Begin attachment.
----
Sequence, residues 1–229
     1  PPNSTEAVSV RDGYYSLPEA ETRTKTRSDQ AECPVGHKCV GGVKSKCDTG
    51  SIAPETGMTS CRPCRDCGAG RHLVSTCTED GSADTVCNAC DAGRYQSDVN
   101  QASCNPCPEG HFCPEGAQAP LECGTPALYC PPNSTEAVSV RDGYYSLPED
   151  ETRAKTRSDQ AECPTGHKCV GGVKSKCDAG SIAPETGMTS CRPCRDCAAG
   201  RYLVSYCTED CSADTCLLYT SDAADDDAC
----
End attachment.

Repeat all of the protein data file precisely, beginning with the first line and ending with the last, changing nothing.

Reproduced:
Sequence, residues 1–229
     1  PPNSTEAVSV RDGYYSLPEA ETRTKTRSDQ AECPVGHKCV GGVKSKCDTG
    51  SIAPETGMTS CRPCRDCGAG RHLVSTCTED GSADTVCNAC DAGRYQSDVN
   101  QASCNPCPEG HFCPEGAQAP LECGTPALYC PPNSTEAVSV RDGYYSLPED
   151  ETRAKTRSDQ AECPTGHKCV GGVKSKCDAG SIAPETGMTS CRPCRDCAAG
   201  RYLVSYCTED CSADTCLLYT SDAADDDAC